Floyd gave his orders to make sure these fights were part of this show and we were able to make it happen. I think boxing fans are going to be extremely pleased with what we have put together for them. – LEONARD ELLERBE, MAYWEATHER PROMOTIONS CEO
The past 24 hours have been a polarizing time for boxing fans regarding the announcement of the finalized pay-per-view card for May 3’s Mayweather vs. Maidana card. In many ways, this card has been in the making since September 2013, starting the second after Floyd Mayweather outclassed Canelo Alvarez. Since then, Floyd’s name has been attached to any and everyone that competes between 140-160 pounds. Having finally settled on Marcos Maidana last month, the attention turned anxiously to the undercard, where fans expected Golden Boy to build on the main event caliber co-feature they delivered in September with Lucas Matthysse vs. Danny Garcia.
No battle of that magnitude is present on the Mayweather-Maidana undercard. But does that mean this event isn’t worthy of your hard-earned dollars? Let’s analyze whether Leonard Ellerbe’s words are gospel truth, unadulterated spin, or a grey-tinged combination of both.
OPENING BOUT: J’LEON LOVE VS. MARCO ANTONIO PERIBAN, 10 ROUNDS, SUPER-MIDDLEWEIGHTS
If you’ve watched any recent Mayweather pay-per-view, you know the “Money Team” group is always well-represented on his cards. In September, Mayweather fighters Ashley Theophane and Ishe Smith were featured on the televised portion. If they weren’t both soundly beaten in those, it’s probable we would be seeing them again next month. Before that, Love engaged a fun scrap against Gabriel Rosado, winning a controversial decision that was later overturned to a No-Contest due to Love being caught taking banned weight-loss supplements.
After doing whatever “penance” is required when you’re in the Mayweather fold, Love returns to ppv against contender Marco Antonio Periban. Viewed by most as a Top 10-15 guy at 168, Periban had a high-profile 2013 which saw him lose a competitive decision in his first title shot against Sakio Bika (and a ‘Round of the Year” candidate 12th), and battle to a draw with Badou Jack. Being that he’s ranked #3 by the WBC, some may see it as a “step-back” to face Love, who’s not in the Top15 of any sanctioning body. However, Periban knows there isn’t a high demand to see him rematch Bika, and #1 contender Julio Cesar Chavez will have first dibs should he get past Gennady Golovkin in July. Although there’s a risk of getting jobbed on the cards, facing the inexperienced Love at on such a big pay-per-view is worthwhile fiscal risk.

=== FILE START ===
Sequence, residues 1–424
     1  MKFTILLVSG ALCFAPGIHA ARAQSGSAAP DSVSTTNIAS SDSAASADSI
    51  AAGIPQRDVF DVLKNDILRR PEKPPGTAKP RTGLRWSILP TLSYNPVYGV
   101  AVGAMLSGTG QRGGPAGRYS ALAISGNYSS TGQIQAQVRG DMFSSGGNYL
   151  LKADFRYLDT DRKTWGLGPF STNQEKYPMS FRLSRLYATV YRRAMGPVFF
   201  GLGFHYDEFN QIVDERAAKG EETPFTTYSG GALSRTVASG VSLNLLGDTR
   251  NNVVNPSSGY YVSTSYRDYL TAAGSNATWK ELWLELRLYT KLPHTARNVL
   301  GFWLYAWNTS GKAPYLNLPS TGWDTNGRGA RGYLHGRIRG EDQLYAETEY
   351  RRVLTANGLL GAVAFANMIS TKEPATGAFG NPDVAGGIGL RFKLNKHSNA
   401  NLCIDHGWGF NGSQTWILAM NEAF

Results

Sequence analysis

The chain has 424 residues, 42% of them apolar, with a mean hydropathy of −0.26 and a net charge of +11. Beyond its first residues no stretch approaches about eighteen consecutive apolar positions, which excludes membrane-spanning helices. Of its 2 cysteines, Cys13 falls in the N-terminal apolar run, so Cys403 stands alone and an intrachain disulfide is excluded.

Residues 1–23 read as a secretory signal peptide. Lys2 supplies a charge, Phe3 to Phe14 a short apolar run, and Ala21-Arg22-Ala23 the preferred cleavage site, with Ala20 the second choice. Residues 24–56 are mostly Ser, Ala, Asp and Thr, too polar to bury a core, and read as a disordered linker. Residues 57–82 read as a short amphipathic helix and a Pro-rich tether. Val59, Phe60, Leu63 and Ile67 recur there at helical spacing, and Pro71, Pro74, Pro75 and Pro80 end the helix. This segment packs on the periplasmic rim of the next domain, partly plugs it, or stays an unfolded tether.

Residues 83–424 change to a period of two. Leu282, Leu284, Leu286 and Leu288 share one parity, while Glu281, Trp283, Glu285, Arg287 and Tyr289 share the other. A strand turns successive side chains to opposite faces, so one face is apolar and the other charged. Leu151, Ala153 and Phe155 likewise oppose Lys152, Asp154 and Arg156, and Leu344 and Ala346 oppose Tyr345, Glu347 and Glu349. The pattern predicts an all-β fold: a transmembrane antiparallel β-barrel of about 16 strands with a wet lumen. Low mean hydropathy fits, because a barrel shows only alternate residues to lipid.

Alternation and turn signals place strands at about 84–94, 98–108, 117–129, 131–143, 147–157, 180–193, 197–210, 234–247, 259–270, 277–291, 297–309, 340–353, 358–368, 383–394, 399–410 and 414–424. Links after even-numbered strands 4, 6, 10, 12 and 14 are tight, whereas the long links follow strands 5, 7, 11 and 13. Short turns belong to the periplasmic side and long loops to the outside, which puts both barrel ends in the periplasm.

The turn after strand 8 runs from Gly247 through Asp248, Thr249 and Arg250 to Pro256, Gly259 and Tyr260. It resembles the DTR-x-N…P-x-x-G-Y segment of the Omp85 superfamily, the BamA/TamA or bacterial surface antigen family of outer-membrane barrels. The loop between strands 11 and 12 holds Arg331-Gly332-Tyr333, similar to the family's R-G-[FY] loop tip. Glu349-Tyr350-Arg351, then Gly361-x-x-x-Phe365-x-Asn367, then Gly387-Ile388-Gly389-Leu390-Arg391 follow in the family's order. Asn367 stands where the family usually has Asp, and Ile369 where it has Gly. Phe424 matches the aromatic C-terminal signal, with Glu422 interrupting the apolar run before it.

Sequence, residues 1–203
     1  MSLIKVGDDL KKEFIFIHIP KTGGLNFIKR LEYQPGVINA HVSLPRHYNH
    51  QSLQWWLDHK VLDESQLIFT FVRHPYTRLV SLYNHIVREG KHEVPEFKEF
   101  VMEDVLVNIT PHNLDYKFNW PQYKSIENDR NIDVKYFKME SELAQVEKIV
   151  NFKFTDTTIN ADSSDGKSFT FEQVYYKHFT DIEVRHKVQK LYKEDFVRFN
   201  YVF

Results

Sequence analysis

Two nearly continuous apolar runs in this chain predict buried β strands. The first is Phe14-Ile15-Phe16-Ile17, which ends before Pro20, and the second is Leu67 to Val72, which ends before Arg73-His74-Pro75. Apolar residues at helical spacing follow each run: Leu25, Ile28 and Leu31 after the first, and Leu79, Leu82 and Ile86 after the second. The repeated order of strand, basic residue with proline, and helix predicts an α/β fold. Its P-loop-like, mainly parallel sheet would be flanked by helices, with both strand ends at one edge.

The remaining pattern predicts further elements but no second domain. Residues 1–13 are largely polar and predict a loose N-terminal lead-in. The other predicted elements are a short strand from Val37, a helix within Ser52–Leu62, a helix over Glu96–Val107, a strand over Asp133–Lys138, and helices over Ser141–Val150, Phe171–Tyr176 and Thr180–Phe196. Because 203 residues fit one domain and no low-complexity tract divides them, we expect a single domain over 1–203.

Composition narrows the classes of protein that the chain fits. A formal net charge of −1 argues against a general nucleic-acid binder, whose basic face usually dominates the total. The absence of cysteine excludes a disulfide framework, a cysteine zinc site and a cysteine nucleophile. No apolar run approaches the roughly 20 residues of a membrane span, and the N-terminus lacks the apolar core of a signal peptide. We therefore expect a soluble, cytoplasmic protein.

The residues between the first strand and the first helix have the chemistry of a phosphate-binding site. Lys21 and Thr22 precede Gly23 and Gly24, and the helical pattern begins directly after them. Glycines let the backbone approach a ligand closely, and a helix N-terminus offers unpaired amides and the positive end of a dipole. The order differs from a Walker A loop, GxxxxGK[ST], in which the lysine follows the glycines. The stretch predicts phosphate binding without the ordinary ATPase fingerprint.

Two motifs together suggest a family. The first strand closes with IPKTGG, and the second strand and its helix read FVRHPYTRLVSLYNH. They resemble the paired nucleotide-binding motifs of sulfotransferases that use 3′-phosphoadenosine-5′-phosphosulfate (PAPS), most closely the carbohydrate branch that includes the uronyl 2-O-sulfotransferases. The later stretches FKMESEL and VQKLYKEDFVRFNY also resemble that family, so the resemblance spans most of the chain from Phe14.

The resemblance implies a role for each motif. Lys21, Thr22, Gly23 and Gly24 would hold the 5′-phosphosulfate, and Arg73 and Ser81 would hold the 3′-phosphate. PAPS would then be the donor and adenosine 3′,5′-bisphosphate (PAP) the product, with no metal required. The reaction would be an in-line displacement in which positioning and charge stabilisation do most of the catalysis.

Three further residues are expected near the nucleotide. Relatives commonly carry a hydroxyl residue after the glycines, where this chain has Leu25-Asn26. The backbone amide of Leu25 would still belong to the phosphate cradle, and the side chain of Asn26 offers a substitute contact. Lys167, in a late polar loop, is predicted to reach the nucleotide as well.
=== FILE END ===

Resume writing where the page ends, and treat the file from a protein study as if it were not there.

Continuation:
For Love, the benefits are even higher. Rosado was still growing into his middleweight frame when they fought last year, and most people (including me viewing from ringside), had Love losing that one. Coming back in December and knocking out Lajaun Simon, who hadn’t fought in three years, didn’t do much to build faith in his potential. Beating Periban would not only make Love a legit contender in 168, but it also puts him in line to gain a title shot before year’s end.
As a pay-per-view opener, this is a solid fight which will show how further both men can go for the remainder of their careers.
I had minor set back but I am back on May 3rd. Everybody needs to understand that I just took a loss. I haven’t lost it. I’m still “The Problem” and anyone can get it, whether you are African, Puerto Rican, Dominican, Cuban or Mexican. – ADRIEN BRONER
ADRIEN BRONER VS. CARLOS MOLINA, 10 ROUNDS, JUNIOR WELTERWEIGHT
Apparently, Broner forgot to add that even inactive fighters can get it to. After a brief back n’ forth Twitter squabble with Amir Khan about facing off on May 3, and later rumors about a fight with lightweight John Molina, Broner’s camp has settled on another Molina.